Aston Martin DBS Superleggera – The Sexiest Super-GT?

Aston Martin Dbs Superleggera Review

Back during the 60s, Jaguar made one of the most beautiful cars in the world. And it’s not that we’re saying so, but Enzo Ferrari himself uttered this historic statement. When one of the most successful car makers in the world proposes another brand’s model as a beauty standard, you don’t question the decision.

If back in the day an English car was the most beautiful one out there, is there a chance that the new Aston Martin DBS Superleggera is the new standard in sexy? Do we have another English car stealing the podium? Let’s find out together.

Filling the market gap

When it comes to astonishing, limited run supercars, it may come off as weird to discuss a market segment. However, even though it’s small and very niche, there are still a group of people who are looking for a front-placed engine with many cylinders and even higher displacement. Oh, and it needs to be a grand tourer taken to the extreme. A super grand tourer if you wish.

More seasoned car fans will frown a bit on the above statement. Big, powerful engine and grand tourer spec? That’s literally the definition of the Ferrari 812 Superfast! Well, technically you’re not wrong. However, the 812 Superfast, while a beast on its own, is another type of GT car. It’s more focused on raw performance. It’s noisier, more ridged and less focused on comfort than the DBS.

Therefore, with a spot open on the market, Aston Martin takes a shot at it. So far, on the surface, the DBS Superleggera checks all of the usual items we would come to expect from a grand tourer of this caliber. Let’s have a look at the details to see if the British aspiring super-GT is worthy of the title.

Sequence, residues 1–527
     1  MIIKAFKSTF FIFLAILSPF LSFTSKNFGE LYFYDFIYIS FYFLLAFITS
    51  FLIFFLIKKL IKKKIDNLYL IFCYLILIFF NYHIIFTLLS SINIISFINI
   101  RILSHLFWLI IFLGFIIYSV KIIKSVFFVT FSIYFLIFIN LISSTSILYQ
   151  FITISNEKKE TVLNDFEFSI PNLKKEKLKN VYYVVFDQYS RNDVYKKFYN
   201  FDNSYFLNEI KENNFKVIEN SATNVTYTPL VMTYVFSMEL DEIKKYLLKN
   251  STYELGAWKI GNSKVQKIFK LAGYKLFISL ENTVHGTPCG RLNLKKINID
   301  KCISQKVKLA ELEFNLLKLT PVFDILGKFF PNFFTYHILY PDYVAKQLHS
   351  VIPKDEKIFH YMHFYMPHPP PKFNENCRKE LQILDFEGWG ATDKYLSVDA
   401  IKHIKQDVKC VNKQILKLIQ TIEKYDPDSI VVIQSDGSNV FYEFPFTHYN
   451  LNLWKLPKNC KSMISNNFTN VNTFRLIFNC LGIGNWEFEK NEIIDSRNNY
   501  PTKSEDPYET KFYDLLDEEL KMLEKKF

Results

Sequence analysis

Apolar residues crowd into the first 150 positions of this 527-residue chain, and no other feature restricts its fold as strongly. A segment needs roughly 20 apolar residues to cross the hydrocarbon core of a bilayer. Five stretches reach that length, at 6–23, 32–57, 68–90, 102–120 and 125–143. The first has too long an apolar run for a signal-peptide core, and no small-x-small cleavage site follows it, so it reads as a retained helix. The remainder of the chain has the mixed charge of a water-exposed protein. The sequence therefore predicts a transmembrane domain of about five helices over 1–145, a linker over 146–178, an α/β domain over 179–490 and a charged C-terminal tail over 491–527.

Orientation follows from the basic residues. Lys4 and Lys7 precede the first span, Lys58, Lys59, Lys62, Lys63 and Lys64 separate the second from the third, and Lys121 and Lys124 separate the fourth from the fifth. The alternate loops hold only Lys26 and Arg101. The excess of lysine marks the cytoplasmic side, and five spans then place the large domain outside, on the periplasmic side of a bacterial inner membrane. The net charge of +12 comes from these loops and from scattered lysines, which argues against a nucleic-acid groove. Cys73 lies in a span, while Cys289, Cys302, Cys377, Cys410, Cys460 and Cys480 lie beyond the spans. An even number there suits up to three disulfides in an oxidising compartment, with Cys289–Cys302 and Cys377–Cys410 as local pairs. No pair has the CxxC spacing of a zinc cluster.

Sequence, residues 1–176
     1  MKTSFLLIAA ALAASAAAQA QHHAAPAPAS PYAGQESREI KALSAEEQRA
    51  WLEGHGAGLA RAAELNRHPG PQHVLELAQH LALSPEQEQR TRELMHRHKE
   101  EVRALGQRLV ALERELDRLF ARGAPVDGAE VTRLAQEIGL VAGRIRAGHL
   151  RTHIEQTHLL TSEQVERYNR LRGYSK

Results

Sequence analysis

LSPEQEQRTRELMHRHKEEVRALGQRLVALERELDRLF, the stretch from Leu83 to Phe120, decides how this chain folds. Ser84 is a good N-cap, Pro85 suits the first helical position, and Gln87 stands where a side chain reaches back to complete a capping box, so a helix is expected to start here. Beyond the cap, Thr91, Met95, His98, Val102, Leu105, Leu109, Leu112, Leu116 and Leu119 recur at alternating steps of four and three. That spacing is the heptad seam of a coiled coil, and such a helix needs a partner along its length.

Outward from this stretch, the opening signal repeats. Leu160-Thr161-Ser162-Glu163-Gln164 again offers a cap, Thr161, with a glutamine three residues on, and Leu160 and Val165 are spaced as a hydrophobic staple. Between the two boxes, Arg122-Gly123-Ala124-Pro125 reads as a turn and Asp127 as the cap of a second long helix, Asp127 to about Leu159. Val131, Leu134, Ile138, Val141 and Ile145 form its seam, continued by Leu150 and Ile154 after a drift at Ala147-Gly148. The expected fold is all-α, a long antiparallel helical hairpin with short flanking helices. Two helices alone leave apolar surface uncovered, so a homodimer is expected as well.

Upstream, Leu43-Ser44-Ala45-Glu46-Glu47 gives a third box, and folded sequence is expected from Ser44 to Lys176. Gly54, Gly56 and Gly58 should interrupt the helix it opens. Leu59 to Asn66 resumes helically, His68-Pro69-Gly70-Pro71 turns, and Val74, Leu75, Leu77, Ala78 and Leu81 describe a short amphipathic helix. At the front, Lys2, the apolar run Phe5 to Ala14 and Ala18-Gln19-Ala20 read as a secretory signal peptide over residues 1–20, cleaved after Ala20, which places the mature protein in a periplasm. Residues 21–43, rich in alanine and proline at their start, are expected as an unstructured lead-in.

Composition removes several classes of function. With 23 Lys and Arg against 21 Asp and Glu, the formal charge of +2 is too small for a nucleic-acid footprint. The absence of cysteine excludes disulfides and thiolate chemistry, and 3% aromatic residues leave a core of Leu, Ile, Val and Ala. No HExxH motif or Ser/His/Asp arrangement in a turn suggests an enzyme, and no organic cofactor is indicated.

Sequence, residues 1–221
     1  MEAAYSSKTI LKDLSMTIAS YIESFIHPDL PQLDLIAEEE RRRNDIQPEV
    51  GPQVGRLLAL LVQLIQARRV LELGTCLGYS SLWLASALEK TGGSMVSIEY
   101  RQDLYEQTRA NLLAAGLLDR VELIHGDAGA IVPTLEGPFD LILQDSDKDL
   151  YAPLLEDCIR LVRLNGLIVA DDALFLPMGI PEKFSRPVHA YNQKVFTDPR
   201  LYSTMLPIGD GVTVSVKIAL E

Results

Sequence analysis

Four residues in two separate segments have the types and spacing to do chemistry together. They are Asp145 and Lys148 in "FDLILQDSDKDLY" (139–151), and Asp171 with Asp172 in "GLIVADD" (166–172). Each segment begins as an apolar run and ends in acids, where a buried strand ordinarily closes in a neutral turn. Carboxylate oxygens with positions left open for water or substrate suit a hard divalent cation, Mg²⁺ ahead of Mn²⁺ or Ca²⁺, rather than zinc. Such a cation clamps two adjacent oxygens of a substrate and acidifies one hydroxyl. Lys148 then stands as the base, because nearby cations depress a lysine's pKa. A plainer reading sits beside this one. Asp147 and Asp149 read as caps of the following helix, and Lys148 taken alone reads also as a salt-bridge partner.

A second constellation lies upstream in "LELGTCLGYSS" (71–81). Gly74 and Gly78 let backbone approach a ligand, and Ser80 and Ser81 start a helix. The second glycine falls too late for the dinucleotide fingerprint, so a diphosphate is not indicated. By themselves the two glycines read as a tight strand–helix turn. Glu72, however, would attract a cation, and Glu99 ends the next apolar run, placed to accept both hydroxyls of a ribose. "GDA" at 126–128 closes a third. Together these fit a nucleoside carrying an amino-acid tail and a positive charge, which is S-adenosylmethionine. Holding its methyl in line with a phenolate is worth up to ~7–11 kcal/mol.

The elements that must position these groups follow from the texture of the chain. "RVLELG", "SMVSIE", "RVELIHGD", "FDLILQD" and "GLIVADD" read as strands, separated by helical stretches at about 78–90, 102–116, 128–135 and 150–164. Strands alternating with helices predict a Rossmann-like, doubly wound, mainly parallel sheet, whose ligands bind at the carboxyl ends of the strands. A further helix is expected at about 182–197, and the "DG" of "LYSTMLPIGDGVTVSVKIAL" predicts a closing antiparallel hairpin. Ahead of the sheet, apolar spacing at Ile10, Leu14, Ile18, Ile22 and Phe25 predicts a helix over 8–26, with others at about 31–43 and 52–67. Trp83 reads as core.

Presence and elegance

Aston Martin Dbs Superleggera Interior

The Aston Martin DBS Superleggera brings on a wider stance coupled with an even more imposing road presence. The bodywork’s aerodynamic-friendly shapes, end with the large rear diffuser. Thanks to these elements, the DBS Superleggera boasts just shy of 400lbs of downforce at 211mph.
Unlike the aluminum construction featured on the previous Aston Martin, the DB11, the British automaker used a carbon fiber clad monocoque to achieve a lower weight, higher torsional rigidity and better overall performance.

On the inside, the DBS Superleggera shares a plenty with the DB11. And by a lot we mean that Aston Martin took the DB11 blueprint and laid it inside the carbon fiber structure of the DBS. Purists may accuse Aston Martin of a lack of originality here, but the DB11 interior is nothing to complain about and fits particularly well with the super tourer spec. Driving position is near perfect and everything is adjusted electronically to match touring grade spec.

Visibility is slightly hampered by the notably thick a-pillars – a compromise required when switching to carbon fiber. On the same note, only a small rear window sheds light over the trunk. And due to the restricted visibility it might seem trickier to negotiate a tight corner or back into a spot, a 360-degree camera and family of parking sensors will compensate for some of these concerns.

In terms of finishing touches, there is a bold push with fine, hand-stitched leather that contrast against the carbon fiber trims. The infotainment system is sourced from Mercedes, just as it was on the DB11. When used heavily, the rotary button-controlled screen will eventually get laggy but it’s an upgrade to anything else Aston Martin ever implemented in-house. Also, the rotary button control brings less of a distraction when compared to Ferrari’s touchscreen display.

Front seats offer plenty of room, even for taller drivers and passengers. On the other hand, you’d be lucky to have teenagers sit in the back seats for more than a few minutes before complaining of the lack of space. Truth be told, the rear seats are better suited to carry a set of golf clubs or a pair of Birkin Bags rather than passengers, especially since the DBS Superleggera trunk space is quite restricted.

 

Power figures

Aston Martin matched the DBS Superleggera’s sensational looks with an equally sensational power unit that seems to continuously challenge you to push it harder and faster. Strip away the carbon fiber shell to uncover a proper engine. The DB11 featured 5.2-liter V12 has been electronically tampered to boost power into the realms of 715bhp and 664 lb-ft. of torque.